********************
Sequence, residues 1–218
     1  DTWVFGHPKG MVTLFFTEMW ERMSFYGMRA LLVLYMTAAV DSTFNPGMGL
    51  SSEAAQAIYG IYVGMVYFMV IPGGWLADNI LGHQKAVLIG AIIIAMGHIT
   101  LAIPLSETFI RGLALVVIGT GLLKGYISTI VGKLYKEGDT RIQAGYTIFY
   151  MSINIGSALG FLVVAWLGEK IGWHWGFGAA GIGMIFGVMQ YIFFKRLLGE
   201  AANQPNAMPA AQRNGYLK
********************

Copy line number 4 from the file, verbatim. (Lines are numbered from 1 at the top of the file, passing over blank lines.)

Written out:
   101  LAIPLSETFI RGLALVVIGT GLLKGYISTI VGKLYKEGDT RIQAGYTIFY